I recently had the pleasure of attending the SaaStr Europa conference, and one of the popular themes amongst the scheduled talks was the of Product-Led Growth, or PLG for short.
But, what exactly is product-led growth?
One thing that was clear from the conference is that there was no general consensus on exactly what it meant and how it should be approached.
Product-led growth is part of something that has often been referred to as the consumerisation of B2B SaaS.
This describes a shift in both the user experience and the buying behaviours of modern B2B SaaS platforms.
Gone are the days where legacy B2B systems with poor UX are acceptable and driven from top-down purchasing decisions.
Consumers within a business now demand a high quality user experience, and are driving bottom-up purchasing decisions in the platforms that individuals and teams within a business decide to adopt.
Companies like Google and Apple have put top quality UX in people’s pockets, and when choosing SaaS products to use at work, they expect a similar quality experience, not an outdated legacy system that is hard to use and extract value from.
Because of this change in expectations and decision making, it is vital to reduce as much friction as possible to get your product in front of your users and to enable them to extract value from it as soon as possible.
What may have previously been seen as a ‘freemium’ business model now plays a much more important role in driving adoption and growth.
Product-led growth encapsulates all of the necessary elements to ensure that your product is reaching the right audience and that their buying and decision making process, and the value they extract from the product is as streamlined as possible.
Looking a DropBox as a great example of product-led growth working well, over 90% of the companies revenue is derived from self-serve channels and users upgrading from a free to a paid subscription.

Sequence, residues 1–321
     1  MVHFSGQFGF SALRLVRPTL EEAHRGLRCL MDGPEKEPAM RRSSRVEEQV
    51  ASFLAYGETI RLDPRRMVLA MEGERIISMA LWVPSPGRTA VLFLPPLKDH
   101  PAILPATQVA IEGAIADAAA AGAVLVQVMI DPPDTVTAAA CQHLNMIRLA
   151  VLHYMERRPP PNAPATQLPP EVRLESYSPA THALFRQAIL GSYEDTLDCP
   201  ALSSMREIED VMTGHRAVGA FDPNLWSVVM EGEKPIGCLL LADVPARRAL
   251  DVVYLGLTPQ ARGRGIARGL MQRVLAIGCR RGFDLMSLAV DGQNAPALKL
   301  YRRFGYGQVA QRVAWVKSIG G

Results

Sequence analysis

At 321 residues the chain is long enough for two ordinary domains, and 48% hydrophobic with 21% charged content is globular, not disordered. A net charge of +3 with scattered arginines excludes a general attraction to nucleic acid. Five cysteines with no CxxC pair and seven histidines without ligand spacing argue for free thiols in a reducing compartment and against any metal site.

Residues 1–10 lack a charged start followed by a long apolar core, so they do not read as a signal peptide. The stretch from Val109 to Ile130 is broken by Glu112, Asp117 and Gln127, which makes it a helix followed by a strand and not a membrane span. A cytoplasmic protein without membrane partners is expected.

The right product-led growth strategy also makes it easy for consumers to share their success and experience with the product with their peers, driving further growth.
Of course, the key to this is that the product does deliver a high quality experience and solve a genuine problem for your consumers.
There are four key elements to a successful product-led growth strategy that go beyond simple freemium and pricing decisions:
It should go without saying, but your SaaS platform must solve a genuine problem for your audience.
This requires knowing your audience really really well and ensuring that it’s more than a ‘nice to have’ product and that you are truly problem-driven vs solution-driven in your approach to product development and marketing.
Within your target audience, you will most likely have different personas and can segment your audience a number of different ways.
The most successful PLG companies ensure that they understand and capture this information in order to tailor the experience to the new user and configure and present the experience in a way that is best suited to what the new user is trying to achieve with the platform.
SaaS companies can lose up to 75% of new users in the first week, so it’s vital that the onboarding experience delivers value.
Part of this relates to clarity of problem and audience.
You need to make sure that you are attracting the right type of users to your platform, the ones that truly resonate with the problem you are trying to solve and your perspective.
Assuming that you are attracting the right people to your platform, you need to really focus on reducing any points of friction in their onboarding experience and making it as easy as possible for them to extract value early without the need for your involvement.
This may take a lot of experimentation, certainly a lot of user research, talking to people that have been through your onboarding process to find out where there are strengths as well as weaknesses that you can improve upon.
The right onboarding experience should improve your conversion rate to paid plans as well as drive growth through referral and recommendation.
Engagement & Experience
Just because you get the onboarding experience right doesn’t mean that you are done in terms of driving engagement and providing a high quality experience.
Keep users engaged with your platform over time and reminded of the value delivered will ensure that users remain loyal to the platform, don’t churn and are more likely to upgrade or purchase add-ons.
A user or company going quiet might seem nice from a customer support perspective, but it doesn’t bode well in terms of growth.
When looking at experience as well as upgrade paths, it’s important that you remain problem-oriented, and align your success with the success of the end user.
To summarise the key takeaways for implementing or improving a PLG strategy, the key thing is to optimise the experience for your end user, ensuring you have a clearly defined end user and ensuring they can get value from the platform as quickly as possible with as little friction as possible.
If you continue to optimise for end user experience and engagement you can drive that bottom-up adoption and growth that many SaaS businesses are striving to achieve.